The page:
Dalian: The World Economic Research Institute is part of Dalian Maritime University, and in Professor Liu Bin, the institute can boast one of Asia’s foremost shipping economists. Liu, in good news for readers, reckons shipping is in a firm recovery mode; the bottom has been hit.
Overcapacity still exists, he concedes, but is a fraction of what it was in 2008. Moreover, the bad debts accrued by shipping companies have receded.
Just as important for Liu is an increasing détente reached between shippers and shipowners.
“The newbuilding competition between shippers and owners is not intense anymore,” Liu says. “Some of them have started to look for cooperation opportunities such as Vale and Cosco. It is a big change for the relationship between shipper and owner.”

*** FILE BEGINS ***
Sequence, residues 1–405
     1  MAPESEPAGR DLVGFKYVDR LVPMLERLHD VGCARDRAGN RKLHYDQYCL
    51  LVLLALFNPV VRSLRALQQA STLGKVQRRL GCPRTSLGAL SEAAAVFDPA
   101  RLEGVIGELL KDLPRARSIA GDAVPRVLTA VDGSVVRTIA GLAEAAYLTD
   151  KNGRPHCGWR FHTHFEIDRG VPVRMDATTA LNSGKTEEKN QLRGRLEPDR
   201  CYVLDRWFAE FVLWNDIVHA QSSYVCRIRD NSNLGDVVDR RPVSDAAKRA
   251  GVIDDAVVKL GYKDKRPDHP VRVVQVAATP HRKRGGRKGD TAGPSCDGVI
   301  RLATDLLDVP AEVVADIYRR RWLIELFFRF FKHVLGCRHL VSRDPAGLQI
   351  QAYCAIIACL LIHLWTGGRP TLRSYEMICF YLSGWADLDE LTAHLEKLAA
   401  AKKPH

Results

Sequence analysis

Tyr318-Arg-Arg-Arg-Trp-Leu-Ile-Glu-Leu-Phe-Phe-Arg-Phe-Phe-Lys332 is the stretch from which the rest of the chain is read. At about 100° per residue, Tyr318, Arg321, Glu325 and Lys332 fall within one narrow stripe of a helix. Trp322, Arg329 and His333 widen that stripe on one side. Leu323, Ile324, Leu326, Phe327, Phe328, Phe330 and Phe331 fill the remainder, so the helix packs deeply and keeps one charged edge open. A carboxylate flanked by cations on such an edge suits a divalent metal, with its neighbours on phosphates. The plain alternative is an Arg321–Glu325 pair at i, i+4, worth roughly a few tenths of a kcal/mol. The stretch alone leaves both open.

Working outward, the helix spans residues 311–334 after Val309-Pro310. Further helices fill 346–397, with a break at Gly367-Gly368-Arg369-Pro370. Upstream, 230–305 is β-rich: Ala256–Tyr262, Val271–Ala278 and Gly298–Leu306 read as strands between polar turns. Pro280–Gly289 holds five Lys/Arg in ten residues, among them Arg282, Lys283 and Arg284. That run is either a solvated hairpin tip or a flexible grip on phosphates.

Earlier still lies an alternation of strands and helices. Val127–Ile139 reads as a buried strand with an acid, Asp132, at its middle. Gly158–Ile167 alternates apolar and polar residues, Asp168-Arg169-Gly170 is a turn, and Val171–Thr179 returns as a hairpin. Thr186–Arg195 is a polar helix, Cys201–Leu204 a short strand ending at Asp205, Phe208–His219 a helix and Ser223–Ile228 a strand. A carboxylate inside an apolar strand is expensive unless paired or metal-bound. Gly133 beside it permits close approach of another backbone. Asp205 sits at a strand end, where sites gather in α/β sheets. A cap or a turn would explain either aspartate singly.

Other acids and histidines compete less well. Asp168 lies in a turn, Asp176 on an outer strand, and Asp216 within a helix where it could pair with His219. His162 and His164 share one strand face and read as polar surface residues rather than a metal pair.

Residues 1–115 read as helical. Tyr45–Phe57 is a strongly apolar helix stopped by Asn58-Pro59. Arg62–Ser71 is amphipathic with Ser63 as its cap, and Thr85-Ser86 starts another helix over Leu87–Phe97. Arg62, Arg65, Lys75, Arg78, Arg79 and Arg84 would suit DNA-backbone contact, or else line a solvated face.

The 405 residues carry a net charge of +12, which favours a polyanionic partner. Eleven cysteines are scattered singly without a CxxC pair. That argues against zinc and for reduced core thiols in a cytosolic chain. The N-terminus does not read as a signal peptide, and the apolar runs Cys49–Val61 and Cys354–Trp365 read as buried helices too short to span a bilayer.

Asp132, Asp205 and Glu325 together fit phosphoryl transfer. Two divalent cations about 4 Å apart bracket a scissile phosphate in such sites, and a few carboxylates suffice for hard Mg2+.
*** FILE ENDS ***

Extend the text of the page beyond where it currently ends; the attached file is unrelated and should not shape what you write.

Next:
Liu even reckons the dry bulk market is not as bad as the Baltic Dry Index reflects. Volumes are increasing, while operating costs are low so dry bulk can be profitable, he insists.
For tankers, Liu believes the second half of the year will see China import far more oil than in the first six months, which could help drive rates further north.
Low shipbuilding prices have seen owners upgrading and optimising their fleets at very good prices, Liu observes.
Consolidation in every facet of shipping, whether it is among lines, ports or yards is a trend that will continue, Liu says.
“The Chinese ports are likely to be integrated into bigger port groups and have some regional features, such as a Yangtze river port group, and a Bohai Bay port group,” Liu says.
Liu has one final piece of advice for the myriad private Chinese shipping lines. He urges them to list on the stock market to improve their operations and strengthen their footprint.